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IS-Land: Has the Age of Southern African Terrorism Properly Begun?

Recommended research   published by Richard Poplack, Daily Maverick on May 4, 2021

While the insurgency in Mozambique’s Cabo Delgado grows increasingly violent, the unpoliced coastline of Northern Mozambique allows for the trafficking of hundreds of millions of dollars of heroin. The ruling Frelimo party reportedly pockets at least of $100 million of revenue from this trade each year. Efforts to combat the insurgents, who doubt that the government’s deals for natural gas exploitation will benefit all citizens have stalled, worsened by heavy handed tactics of government forces and their allied Russian and South African mercenaries. A better understanding of the dynamics at play, along with a recognition that criminalized power structures seek to protect themselves, will be required to craft adequate responses to the violence.

West Africa’s Cocaine Corridor: Building a Subregional Response

Recommended research   published by Lucia Bird, GI-TOC on April 30, 2021

West Africa has once again become a major route for Latin American cocaine to European markets. Criminal networks leverage growing regional instability to facilitate their work. Authorities in Africa and Europe have the capacity to physically screen less than 2% of containers moving through their ports. Drug seizures therefore rely instead on intelligence. Widespread corruption and uneven regulations in West African ports creates surveillance gaps. Regional initiatives have sought to strengthen regional cooperation and intelligence sharing, but governments should first target specific, problematic trafficking routes.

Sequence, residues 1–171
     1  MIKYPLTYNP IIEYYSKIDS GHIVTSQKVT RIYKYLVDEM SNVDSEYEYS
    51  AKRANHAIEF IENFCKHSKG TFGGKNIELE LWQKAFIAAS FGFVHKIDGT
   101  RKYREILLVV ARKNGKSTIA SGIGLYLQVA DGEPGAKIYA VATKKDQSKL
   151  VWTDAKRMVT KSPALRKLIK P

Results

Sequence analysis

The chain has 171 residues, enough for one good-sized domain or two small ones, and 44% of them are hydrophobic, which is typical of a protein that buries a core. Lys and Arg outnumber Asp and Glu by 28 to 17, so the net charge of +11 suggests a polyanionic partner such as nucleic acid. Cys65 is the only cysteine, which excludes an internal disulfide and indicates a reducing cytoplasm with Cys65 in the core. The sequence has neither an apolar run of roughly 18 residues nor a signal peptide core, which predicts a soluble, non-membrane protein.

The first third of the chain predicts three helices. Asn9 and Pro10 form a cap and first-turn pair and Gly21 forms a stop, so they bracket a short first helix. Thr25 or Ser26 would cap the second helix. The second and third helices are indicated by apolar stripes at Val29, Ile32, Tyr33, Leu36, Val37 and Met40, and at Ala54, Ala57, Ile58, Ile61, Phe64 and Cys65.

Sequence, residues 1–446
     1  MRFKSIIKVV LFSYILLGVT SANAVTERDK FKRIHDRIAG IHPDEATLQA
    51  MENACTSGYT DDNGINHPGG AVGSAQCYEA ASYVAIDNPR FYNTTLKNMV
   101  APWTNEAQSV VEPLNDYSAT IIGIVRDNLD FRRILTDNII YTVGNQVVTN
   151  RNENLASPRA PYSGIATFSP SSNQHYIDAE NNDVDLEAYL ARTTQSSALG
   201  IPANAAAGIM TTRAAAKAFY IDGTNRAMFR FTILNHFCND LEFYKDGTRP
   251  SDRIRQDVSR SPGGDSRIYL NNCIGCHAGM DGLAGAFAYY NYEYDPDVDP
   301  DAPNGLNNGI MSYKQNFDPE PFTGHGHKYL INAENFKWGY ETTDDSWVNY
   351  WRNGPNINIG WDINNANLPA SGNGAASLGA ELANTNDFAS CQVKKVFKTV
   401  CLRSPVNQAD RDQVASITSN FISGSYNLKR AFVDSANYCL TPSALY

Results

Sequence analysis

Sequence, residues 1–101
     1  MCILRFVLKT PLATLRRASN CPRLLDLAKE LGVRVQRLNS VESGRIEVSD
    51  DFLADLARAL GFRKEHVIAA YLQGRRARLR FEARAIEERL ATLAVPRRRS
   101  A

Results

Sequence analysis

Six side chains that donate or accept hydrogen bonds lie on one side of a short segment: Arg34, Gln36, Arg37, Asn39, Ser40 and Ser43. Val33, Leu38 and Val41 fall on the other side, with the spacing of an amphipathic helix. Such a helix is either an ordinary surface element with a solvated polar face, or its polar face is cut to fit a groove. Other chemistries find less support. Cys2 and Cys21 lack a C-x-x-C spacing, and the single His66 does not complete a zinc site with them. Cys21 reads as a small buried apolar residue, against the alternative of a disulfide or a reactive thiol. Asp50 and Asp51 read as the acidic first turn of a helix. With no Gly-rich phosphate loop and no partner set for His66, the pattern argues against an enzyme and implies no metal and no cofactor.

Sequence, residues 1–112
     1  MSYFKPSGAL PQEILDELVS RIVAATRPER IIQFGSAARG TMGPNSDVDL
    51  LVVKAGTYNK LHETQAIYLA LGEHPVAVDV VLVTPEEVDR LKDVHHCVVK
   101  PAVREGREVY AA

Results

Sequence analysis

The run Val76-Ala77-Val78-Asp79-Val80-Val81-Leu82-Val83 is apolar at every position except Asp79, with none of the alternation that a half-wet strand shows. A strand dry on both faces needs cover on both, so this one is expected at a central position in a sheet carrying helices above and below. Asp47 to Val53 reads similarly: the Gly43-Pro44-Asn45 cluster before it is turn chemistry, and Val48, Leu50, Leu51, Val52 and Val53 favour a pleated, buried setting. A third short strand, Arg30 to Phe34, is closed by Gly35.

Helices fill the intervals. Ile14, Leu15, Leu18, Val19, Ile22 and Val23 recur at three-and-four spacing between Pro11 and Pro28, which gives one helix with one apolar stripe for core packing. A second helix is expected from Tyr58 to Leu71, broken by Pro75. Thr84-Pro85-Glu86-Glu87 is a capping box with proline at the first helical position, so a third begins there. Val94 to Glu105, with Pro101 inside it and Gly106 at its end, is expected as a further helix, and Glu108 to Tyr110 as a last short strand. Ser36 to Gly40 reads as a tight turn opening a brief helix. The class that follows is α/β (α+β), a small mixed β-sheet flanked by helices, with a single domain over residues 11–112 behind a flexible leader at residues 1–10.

The Sudanese Military’s Interests in Civilian Rule

Spotlight   published by Joseph Siegle on March 23, 2021

Proactive management of the transition to civilian rule would afford the Sudanese military more stability, budgetary support, and professional benefits.

Enhancing Security-Justice Coordination to Counter Transnational Organized Crime

Program Materials  

A virtual academic program cohosted with the African Centre for the Study and Research on Terrorism that focuses on effective community policing as a tool for countering violent extremism. This program provides an opportunity to capture and share insights, experiences, and lessons, among countries and across regions, about both the implementation challenges in community policing and the practical experiences in bridging gaps between the security sector and the communities they are entrusted with protecting and serving

Africa’s Evolving Cyber Threats

Spotlight   published by Nathaniel Allen on January 19, 2021

African governments face a fast-evolving array of digital threats from espionage, critical infrastructure sabotage, organized crime, and combat innovation.

African Migration Trends to Watch in 2021

Infographic   published by the Africa Center for Strategic Studies on December 18, 2020

COVID-related border closures across Africa have disrupted the normal flow of regional migration, putting migrants in greater danger. Here are some key trends to monitor in 2021.